The wage convergence process within the European Union is ongoing and has accelerated partly because of the different depths of the recession within the EU. This process sees a structural increase favouring incomes in those countries that are “poorer than the EU average” – meaning their average income is below the EU average – that is many of the new Euro member states. At the same time, convergence implies that the countries with average income above the mean face strong headwinds to compress incomes, on average, and particularly in certain segments of society. The most vulnerable country at the moment on the way down is Italy, and it is also the country where the downward force was probably accentuated by COVID-19, as it has a high number of self-employed people and this part of the labour force was hit heavily by the shutdowns.
The convergence process in Europe reflects the strength of the single market framework, the impact of the EU cohesion funds strategy and the evolution of policy making in the EU. These three factors have resulted in the continuing relocation of manufacturing production eastwards, which is likely to continue, even once average incomes in Italy move evidently below the central and eastern European countries, if the current policy strategies in each member state remain intact.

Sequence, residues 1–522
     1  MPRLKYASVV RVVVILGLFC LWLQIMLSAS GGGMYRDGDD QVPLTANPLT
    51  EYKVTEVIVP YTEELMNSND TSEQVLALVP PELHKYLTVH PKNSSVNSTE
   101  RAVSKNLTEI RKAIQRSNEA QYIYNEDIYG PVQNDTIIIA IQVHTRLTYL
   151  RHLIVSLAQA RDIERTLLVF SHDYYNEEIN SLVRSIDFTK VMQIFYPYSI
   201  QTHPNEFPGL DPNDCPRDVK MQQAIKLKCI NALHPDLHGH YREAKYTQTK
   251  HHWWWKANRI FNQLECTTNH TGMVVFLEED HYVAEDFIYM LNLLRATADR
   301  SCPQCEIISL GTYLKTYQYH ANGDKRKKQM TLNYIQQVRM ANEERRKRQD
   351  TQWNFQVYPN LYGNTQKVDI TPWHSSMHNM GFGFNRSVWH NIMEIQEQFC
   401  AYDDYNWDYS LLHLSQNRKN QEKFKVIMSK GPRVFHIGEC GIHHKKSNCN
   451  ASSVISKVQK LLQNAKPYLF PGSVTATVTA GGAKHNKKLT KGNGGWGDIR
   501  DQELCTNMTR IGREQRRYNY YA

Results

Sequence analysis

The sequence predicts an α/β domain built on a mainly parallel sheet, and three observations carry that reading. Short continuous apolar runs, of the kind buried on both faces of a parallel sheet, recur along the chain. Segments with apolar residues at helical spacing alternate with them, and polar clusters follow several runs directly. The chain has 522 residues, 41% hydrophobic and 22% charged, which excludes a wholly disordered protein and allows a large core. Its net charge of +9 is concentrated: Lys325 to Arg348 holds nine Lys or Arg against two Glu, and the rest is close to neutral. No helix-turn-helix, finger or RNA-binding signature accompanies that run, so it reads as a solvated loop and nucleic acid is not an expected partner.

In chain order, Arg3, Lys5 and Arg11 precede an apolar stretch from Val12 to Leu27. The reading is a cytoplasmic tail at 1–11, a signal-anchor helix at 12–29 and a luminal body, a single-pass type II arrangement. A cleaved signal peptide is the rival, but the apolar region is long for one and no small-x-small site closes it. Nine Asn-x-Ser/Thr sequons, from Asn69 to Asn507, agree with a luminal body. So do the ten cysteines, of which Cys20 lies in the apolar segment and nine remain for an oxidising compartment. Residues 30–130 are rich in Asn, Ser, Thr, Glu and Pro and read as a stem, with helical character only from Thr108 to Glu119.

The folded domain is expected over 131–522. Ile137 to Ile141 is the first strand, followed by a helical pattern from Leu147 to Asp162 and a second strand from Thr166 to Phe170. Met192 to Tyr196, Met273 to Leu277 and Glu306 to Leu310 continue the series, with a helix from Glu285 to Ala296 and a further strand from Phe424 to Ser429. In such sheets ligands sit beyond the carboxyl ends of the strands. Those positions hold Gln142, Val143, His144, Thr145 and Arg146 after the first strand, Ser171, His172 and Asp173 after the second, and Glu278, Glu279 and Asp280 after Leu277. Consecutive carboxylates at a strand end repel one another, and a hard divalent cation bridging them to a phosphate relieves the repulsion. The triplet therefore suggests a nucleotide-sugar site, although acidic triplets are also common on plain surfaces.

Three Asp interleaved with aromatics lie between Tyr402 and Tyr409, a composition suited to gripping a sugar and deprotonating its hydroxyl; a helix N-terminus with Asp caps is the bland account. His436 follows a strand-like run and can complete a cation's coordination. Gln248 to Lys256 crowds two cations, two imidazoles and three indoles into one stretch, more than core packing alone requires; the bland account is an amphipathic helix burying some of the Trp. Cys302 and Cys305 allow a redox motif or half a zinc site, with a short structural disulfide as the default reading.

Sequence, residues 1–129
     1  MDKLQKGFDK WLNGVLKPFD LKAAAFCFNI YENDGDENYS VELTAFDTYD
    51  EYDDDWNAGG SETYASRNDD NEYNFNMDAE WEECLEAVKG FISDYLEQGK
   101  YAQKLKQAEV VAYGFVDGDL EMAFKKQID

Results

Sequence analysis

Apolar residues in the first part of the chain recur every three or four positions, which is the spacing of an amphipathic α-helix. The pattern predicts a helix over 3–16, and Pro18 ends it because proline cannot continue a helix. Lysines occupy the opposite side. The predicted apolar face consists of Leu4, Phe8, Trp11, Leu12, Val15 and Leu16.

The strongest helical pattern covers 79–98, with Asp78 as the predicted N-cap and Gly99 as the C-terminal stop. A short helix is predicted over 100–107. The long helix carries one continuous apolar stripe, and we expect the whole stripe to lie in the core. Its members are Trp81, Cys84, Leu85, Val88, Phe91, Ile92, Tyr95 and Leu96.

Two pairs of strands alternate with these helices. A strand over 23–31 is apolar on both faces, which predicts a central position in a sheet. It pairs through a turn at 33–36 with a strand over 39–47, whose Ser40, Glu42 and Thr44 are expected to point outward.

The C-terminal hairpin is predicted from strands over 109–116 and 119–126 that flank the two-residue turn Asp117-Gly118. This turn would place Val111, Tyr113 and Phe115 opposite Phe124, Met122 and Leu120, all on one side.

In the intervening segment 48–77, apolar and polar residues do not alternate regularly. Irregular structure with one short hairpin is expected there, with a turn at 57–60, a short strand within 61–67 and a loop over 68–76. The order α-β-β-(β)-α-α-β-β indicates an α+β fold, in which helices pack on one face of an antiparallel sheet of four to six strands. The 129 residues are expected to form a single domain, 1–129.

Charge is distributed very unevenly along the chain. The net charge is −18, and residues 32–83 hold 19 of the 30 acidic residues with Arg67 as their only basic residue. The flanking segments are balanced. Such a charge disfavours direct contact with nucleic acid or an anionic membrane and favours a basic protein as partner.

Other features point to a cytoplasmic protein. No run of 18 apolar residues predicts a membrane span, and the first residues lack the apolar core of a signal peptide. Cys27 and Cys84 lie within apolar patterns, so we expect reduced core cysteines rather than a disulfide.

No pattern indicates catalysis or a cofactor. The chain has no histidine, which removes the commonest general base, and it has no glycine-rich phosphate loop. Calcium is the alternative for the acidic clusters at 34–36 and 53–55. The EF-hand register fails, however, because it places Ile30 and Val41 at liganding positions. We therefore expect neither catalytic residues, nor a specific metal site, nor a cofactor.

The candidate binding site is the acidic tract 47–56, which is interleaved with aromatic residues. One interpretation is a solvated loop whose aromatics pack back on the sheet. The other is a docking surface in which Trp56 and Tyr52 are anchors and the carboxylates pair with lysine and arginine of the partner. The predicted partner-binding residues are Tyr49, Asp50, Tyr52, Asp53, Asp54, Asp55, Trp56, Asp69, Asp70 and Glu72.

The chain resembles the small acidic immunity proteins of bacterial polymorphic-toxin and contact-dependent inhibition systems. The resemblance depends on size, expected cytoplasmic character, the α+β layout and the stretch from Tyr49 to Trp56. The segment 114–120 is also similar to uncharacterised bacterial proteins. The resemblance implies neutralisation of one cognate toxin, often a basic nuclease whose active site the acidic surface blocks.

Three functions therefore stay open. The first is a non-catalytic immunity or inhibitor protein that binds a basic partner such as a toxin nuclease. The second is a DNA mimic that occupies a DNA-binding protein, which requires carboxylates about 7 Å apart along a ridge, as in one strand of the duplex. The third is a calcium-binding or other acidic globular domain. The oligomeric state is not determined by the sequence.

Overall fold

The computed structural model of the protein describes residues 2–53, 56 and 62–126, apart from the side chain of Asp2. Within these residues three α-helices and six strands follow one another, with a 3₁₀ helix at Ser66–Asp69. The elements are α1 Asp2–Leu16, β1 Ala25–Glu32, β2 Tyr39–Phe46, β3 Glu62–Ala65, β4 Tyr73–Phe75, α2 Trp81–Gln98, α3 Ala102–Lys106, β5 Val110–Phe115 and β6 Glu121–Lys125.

To give you a sense of how powerful this process is for the internal politics of the EU, we have charted, below, the weight of the GDP of various member states relative to Eurozone GDP: of Germany, France, Italy and the combination of the CE4, as well as all the member states that have joined since 2004 (bar Malta and Cyprus, as they have different business models). We project the GDP until 2030 by simply keeping the average growth of the past decade unchanged – which appears to be a fairly unbiased assumption – and including Bulgaria and Croatia in the eurozone GDP projection given their recent entry in the ERM2 system and the high odds they will fulfil the requirements for full euro adoption in 2023. In the benign scenario, Italy manages to grow the economy in nominal terms by 1.3% on average, the same as the past decade; while, in a less favourable scenario, the average GDP is negative as we believe that, at some point, the economy will go through an adjustment phase similar to what has been experienced by Greece (regardless of whether this is associated with a Troika programme or not). We suspect that the less benign scenario is the more realistic one. That said, even in a better scenario, the share of Italian GDP in the EU drops materially and will most certainly be lower than the CE4 combined, and meaningfully lower than the aggregate GDP of the newer member states. This necessarily implies a profound change in income prospects and the further erosion of political influence by Italy.
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